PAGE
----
Haiti and the U.S. forest products industry: A small town effort strives to make a very big impact

Haiti and the US forest products industry - A small town effort strives to make a very big impact180,000 homes. $2 billion. 1 billion board feet. These are more than numbers on a page. In fact, they mean a great deal to the Caribbean nation of Haiti. With over one million left homeless by the deadly 2010 earthquake that killed 230,000 people, these figures represent dignity, hope, and safety. What so many of us consider to be basic human rights are no more than a dream to the Haitian men, women and children who have lived in a sea of temporary shelters for over 2 1/2 years now. These tent cities are rife with squalor, rape and other physical assault, and a near lack of privacy. Large families live year-round in tents only meant to temporarily shelter three or four people.

One man, a nonprofit, and an idea that could change the forest products industry

Enter Gary Funk, a retired University of Montana music professor, and his passionate dream to make a difference. While it seems much of the world has moved on and forgotten the plight of Haiti, Gary and his Missoula, Montana-based nonprofit, Wood for Haiti, are working hard with the Haitian people to make a real difference in that country. And if they have their way, a better future for this impoverished nation also means a $2 billion shot in the arm to the U.S. forest products industry and a solution to the millions of acres affected by the mountain pine beetle epidemic.

Wood for Haiti’s mission is to “supply U.S. wood, materials and construction training to Haitians in an effort to build hurricane/earthquake-resistant homes and community centers.” Gary started the nonprofit in 2010 because he, first and foremost, felt a great deal of compassion for the Haitian people. But he also saw a unique opportunity (and market) for sustainably harvesting millions of acres of beetle-killed forests and bolstering the U.S. forest products industry at the same time. This win-win seemed like a no-brainer at the time, and still does.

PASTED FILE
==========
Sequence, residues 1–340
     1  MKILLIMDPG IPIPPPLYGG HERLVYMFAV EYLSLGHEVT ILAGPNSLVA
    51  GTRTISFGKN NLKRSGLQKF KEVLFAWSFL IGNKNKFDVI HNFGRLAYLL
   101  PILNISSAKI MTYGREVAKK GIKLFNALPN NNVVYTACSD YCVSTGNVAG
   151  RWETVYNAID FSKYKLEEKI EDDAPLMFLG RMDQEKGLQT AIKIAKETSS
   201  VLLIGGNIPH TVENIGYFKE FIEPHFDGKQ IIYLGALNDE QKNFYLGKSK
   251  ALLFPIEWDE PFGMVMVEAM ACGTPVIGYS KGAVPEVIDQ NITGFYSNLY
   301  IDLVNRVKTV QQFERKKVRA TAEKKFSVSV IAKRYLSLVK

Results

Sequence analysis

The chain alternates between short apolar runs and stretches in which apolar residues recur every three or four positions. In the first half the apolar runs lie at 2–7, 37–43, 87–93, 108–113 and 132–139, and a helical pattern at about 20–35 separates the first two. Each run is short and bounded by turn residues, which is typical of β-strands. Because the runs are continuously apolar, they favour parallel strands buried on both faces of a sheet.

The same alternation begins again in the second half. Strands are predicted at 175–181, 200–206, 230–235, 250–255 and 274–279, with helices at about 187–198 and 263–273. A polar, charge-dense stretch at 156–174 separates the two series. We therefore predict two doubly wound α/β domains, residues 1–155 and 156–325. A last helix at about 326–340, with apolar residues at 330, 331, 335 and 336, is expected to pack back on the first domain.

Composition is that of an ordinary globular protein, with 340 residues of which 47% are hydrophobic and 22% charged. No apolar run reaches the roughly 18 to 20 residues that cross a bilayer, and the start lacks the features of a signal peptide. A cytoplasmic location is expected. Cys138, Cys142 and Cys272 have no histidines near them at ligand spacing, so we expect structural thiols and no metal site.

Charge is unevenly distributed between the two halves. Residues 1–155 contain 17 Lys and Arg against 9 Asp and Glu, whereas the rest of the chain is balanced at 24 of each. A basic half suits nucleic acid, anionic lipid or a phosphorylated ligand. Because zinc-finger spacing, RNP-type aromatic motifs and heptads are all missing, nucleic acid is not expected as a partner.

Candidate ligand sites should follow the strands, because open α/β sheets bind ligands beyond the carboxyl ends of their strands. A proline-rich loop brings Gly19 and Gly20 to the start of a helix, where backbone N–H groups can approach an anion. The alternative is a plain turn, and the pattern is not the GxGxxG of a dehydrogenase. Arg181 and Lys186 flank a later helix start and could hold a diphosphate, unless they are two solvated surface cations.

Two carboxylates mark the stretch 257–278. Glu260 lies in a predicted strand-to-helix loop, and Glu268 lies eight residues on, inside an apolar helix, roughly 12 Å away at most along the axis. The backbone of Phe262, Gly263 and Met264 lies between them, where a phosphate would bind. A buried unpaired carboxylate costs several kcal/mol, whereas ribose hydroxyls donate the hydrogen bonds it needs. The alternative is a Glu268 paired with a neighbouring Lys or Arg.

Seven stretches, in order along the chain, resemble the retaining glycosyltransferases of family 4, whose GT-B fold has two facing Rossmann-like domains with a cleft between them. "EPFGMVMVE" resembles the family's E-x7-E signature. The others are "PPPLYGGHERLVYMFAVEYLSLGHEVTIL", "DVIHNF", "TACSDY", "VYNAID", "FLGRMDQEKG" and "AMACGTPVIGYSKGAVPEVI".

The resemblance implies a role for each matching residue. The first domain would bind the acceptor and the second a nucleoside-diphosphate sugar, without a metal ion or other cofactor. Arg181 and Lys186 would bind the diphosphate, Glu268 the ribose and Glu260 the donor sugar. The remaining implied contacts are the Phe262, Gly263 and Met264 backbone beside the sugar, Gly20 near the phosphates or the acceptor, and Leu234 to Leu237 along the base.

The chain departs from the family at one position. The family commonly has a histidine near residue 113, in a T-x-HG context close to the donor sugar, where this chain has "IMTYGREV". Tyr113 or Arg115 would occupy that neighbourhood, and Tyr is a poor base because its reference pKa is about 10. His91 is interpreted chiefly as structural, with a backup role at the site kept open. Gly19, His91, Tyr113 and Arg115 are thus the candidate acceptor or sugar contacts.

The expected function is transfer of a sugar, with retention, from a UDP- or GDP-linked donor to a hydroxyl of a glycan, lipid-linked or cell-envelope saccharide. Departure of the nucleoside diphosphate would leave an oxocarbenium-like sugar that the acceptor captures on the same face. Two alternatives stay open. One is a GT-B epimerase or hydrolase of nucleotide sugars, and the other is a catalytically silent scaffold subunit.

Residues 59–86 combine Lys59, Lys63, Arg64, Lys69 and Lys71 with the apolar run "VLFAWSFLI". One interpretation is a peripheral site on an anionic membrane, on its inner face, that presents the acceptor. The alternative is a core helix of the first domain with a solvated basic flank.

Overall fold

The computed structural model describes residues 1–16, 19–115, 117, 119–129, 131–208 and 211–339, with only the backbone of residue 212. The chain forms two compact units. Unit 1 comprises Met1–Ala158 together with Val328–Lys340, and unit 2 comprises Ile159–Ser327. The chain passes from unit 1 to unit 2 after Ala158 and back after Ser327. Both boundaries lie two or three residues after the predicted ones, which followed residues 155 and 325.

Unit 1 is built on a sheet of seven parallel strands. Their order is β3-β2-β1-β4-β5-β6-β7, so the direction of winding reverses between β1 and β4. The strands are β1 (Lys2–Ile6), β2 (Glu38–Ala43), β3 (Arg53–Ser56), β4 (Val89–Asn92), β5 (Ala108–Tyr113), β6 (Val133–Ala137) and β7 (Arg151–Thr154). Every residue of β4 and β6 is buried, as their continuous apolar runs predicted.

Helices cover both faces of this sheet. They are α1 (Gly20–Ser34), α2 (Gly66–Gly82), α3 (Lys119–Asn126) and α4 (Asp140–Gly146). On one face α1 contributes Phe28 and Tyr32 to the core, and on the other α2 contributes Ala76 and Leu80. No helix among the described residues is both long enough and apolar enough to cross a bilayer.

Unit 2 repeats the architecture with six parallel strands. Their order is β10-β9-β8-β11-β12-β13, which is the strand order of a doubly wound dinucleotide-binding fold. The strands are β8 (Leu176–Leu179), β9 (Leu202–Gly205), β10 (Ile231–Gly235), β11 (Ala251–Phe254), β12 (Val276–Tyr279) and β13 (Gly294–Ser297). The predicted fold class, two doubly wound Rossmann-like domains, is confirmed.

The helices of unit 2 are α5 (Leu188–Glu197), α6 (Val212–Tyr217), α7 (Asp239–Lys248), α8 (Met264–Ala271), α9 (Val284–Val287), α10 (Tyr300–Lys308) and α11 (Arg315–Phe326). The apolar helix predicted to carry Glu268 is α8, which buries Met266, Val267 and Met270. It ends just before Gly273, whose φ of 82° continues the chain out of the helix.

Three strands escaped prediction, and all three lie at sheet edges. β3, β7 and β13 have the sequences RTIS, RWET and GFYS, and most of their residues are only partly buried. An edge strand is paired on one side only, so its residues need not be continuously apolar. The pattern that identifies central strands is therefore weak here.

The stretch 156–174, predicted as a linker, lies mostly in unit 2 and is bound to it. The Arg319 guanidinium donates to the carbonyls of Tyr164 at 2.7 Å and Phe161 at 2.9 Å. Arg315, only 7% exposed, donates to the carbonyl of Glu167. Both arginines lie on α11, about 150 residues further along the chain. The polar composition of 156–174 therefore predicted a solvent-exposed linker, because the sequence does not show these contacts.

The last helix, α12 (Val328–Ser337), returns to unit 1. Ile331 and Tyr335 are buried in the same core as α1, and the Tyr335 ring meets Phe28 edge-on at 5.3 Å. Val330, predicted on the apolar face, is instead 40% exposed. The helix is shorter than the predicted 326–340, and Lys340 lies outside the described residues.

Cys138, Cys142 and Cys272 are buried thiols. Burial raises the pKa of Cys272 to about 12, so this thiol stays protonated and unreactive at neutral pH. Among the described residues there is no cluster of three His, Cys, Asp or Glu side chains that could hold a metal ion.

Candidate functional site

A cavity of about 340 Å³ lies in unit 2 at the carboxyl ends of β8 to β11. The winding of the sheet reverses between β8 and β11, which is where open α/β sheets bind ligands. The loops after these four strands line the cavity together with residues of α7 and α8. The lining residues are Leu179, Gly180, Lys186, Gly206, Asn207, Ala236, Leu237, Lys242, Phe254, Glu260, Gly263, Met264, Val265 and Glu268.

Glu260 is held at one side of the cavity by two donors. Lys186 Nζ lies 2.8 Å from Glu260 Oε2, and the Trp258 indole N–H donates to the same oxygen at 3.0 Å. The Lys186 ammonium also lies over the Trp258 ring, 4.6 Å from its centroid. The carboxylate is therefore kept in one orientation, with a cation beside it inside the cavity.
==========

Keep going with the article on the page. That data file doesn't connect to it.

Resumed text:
When you break down the numbers, they go something like this. Around 180,000 homes and 500 community centers are desperately needed right now in Haiti. Building on that scale will cost approximately $2 billion and require one billion board feet of lumber. Forestry experts in the state of Montana have identified this amount of lumber available for the project on both state and private timberlands. Other states, not surprisingly, want to play a role as well. We’re talking forest restoration work on a massive scale that empowers a third-world neighbor and revives an American industry hit hard by the great recession. Win-win, indeed.

How will this effort be paid for?

Wood for Haiti has steadily built a list of passionate and powerful supporters — from business owners within the forest products industry to U.S. Senators and Representatives. It recently celebrated a major milestone when the U.S. Agency for International Development (USAID) solicited from it a proposal for funding. If or when the proposal is approved, Wood for Haiti will be a considerable step closer to receiving significant international funding to help in its efforts — certainly necessary for covering most if not all of the $2 billion needed to finance the 10-year project. In addition, the nonprofit is currently soliciting $2 million in financial support from outside donors to help the nonprofit build a “proof of concept community” in Haiti, which would consist of 30 homes and a community center.

Haiti and the US forest products industry - A small town effort strives to make a very big impactThe idea takes shape

Last Saturday, I was at Missoula, Montana’s Southgate Mall on a gorgeous fall afternoon celebrating one of the many Montana Forest Products Industry Week events slated to complement National Forest Products Week. This particular event caught my eye because it represents yet another milestone for the Wood for Haiti effort. Gary and a team of dedicated volunteers and sponsors were seeing the dream take one step closer to reality — a physical structure that shows the world, and the Wood for Haiti team, that their vision is more than just talk. Lovingly built one nail at a time in the mall’s north parking lot was a 526 square foot prototype demonstration home that Gary hopes will inspire donations and support to advance the dream even further and where it counts most — in Haiti.